Unlike industrial chimney stacks pumping out thick furls of black smoke, unless an engine is burning oil, we don’t often see what comes out from vehicle exhausts.
However, just because it’s not very visible, doesn’t mean to say there are no consequences – because the effect of traffic emissions can be far-reaching, for both the planet and our health.
What Emissions Does Traffic Produce?
Vehicles emit a lethal cocktail of pollutants which adversely affect the ambient air quality and our health. The main components are the following:
- Benzene – a volatile organic compound (VOC) which is a known carcinogen and the major constituent of petrol.
- Carbon Monoxide – a very common air pollutant, this is a toxic gas which impairs the ability of the blood to transport oxygen around the body. It can cause lack of concentration, dizziness, headaches, nausea, and carbon monoxide poisoning with very high exposure causing death.
- Nitrogen Dioxide – formed via combustion and irritating to the eyes and respiratory system.
- Ozone – a secondary pollutant formed by a photochemical reaction in the presence of ultraviolet light, hydrocarbons and nitrogen dioxide. Exposure on sunny days, when ground-level ozone is high, can cause inflammation of the airways and respiratory problems.
- Particulate Matter – small particles suspended in the air which are easily inhaled. Of particular danger are particles measuring less than 10 micrometers in diameter. The smallest particulates can lodge deep in the lungs and find their way into the blood stream. Particulates are found mainly in diesel and studies show that in areas where there is high diesel use (for instance in inner city areas by buses and taxis), health effects are pronounced.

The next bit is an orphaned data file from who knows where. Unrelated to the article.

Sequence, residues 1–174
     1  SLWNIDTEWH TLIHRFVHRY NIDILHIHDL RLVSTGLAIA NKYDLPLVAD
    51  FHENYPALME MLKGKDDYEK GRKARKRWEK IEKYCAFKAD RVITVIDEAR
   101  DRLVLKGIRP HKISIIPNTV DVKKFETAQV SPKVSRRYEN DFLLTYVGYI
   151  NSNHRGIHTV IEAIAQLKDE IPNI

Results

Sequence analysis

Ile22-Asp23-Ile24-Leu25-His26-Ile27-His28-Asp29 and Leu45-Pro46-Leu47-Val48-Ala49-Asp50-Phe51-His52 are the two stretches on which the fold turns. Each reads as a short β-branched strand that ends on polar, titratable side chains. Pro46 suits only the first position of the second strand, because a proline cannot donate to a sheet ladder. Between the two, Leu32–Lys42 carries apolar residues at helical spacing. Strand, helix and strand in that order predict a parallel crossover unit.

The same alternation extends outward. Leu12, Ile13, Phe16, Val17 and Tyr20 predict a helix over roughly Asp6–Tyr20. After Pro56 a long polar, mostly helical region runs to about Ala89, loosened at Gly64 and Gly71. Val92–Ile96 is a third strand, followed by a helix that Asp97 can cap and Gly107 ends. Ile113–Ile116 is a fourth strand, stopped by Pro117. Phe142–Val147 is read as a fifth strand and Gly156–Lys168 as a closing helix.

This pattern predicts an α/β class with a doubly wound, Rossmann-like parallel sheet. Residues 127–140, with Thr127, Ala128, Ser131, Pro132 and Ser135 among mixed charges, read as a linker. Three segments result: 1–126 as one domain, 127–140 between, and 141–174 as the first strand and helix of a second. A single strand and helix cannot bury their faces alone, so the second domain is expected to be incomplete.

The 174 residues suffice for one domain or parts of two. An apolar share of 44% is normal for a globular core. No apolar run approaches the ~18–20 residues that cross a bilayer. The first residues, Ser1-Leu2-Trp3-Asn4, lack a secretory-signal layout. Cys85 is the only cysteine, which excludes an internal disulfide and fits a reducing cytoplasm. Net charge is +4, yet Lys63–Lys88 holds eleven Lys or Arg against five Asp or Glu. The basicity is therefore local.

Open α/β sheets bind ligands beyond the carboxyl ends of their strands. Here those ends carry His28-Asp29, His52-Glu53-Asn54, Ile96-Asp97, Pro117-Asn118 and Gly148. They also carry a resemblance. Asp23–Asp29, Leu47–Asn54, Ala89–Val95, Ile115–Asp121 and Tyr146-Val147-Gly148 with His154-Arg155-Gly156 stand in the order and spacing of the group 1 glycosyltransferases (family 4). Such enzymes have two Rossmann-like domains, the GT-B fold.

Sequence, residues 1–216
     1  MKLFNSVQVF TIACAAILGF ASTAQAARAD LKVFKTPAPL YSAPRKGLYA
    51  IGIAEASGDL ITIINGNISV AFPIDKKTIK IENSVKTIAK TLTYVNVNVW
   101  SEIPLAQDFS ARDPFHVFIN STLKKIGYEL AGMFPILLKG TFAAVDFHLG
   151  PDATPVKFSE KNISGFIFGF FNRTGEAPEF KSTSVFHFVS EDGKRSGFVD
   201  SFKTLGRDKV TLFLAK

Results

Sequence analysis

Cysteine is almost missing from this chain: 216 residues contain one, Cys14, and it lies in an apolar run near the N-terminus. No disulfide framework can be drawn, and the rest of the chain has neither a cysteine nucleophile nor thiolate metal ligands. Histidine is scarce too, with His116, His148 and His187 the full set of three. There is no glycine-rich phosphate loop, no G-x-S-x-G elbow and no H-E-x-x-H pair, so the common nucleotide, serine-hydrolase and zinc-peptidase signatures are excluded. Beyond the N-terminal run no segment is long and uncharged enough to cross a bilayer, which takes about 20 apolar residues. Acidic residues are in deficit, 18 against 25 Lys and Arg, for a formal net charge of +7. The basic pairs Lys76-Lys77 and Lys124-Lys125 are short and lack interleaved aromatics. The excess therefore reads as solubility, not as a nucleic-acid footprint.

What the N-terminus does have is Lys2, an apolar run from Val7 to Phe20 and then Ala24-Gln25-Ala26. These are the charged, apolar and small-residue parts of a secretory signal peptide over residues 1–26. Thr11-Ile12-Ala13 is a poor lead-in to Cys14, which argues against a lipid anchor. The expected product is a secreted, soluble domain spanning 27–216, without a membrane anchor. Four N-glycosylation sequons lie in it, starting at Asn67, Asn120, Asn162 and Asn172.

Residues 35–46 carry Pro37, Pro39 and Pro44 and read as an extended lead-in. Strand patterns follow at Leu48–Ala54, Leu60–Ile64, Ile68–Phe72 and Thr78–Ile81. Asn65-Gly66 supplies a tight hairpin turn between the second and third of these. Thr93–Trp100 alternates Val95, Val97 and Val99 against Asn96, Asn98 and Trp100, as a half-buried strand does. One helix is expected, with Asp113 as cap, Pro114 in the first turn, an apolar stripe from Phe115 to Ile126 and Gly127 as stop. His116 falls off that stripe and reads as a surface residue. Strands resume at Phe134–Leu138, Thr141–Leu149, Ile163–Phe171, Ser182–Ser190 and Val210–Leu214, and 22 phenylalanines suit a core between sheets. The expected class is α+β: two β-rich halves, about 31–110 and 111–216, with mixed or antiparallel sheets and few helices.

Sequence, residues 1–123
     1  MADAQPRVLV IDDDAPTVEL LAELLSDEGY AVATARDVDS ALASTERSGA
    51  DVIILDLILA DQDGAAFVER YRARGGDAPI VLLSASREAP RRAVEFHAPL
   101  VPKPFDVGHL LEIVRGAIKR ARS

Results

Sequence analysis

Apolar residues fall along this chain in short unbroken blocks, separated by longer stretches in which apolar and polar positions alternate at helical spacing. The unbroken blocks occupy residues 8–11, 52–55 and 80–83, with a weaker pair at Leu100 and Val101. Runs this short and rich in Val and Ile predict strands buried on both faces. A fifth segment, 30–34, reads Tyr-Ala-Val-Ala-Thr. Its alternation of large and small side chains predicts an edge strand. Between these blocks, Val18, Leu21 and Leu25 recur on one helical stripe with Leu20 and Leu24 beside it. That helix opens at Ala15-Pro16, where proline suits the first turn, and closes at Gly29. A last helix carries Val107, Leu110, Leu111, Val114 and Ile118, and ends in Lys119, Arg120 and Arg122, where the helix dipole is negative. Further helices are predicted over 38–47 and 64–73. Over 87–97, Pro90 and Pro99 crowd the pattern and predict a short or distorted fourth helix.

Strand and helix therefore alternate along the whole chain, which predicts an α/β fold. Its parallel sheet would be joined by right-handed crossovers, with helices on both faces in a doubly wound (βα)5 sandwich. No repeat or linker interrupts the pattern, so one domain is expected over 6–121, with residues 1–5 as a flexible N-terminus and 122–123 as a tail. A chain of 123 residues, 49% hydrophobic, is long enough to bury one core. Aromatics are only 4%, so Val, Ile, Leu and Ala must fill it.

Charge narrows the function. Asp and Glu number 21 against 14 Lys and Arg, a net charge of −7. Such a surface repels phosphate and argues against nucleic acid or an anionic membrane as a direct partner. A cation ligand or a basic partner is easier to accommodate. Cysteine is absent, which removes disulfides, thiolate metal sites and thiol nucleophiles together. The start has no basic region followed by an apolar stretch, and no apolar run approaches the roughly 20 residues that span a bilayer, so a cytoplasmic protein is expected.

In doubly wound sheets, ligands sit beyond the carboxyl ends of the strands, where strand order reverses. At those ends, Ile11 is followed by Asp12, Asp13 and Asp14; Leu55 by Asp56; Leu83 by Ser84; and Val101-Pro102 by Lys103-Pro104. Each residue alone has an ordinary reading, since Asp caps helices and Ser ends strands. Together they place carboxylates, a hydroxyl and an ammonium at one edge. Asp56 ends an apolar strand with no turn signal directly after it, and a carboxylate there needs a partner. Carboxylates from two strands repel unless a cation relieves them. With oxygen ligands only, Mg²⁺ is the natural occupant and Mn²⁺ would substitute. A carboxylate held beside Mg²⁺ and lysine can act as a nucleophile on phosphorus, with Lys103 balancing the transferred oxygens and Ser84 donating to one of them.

- Polynuclear Aromatic Hydrocarbons (PAH’s) – a group of organic compounds of which prolonged or long-term exposure may lead to some lung cancers.
- Sulphur Dioxide – a sharp-smelling, acidic gas which combines with water to produce acid rain. Its presence in traffic emissions is thought to trigger asthma attacks and bronchial conditions.
The health effects of traffic emissions can be severe and in particular are associated with breathing difficulties such as wheezing, coughing, bronchitis, pneumonia, pulmonary diseases and asthma. However it is now also believed that traffic fumes may interfere with lung growth and performance and shorten life expectancy because of it.
A study published in medical journal ‘The Lancet’ in 2007, reported that children who live within 500 metres from a motorway suffer from significantly impaired lung function compared to those who lived further away. This was the first study of its kind to connect shortened life expectancy to traffic emissions and has prompted environmental campaigners to lobby government for more stringent measures to be put in place which will curb vehicle emissions and particularly diesel.
Sulphur dioxide from traffic emissions combines with water vapour to produce acid rain. However, if conditions are dry, then it may travel many hundreds of miles before doing so. Therefore acid rain is not just a local problem; sulphur dioxide which has been produced here, may fall as acid rain as far away as Canada.
Effects are detrimental to soils, plants, and vegetation. It can also upset the delicate chemical balance in waterways, damaging the eco-culture and killing marine life.
Although total acid rain levels in the UK have fallen, due to an improvement in some industries where the use of sulphur has been restricted, it is still very much a problem with traffic emissions.
Cut Down On Vehicle Use
Using a car is one of the most polluting acts most individuals will do. Despite improvements in technology to manufacture cars which are kinder to the environment and produce less damaging emissions, our dependence of driving continues unabated, with the amount of traffic on the roads – and the harmful emissions it produces – continuing to climb.
For the effect of traffic emissions to fall, we need to learn to leave the car at home.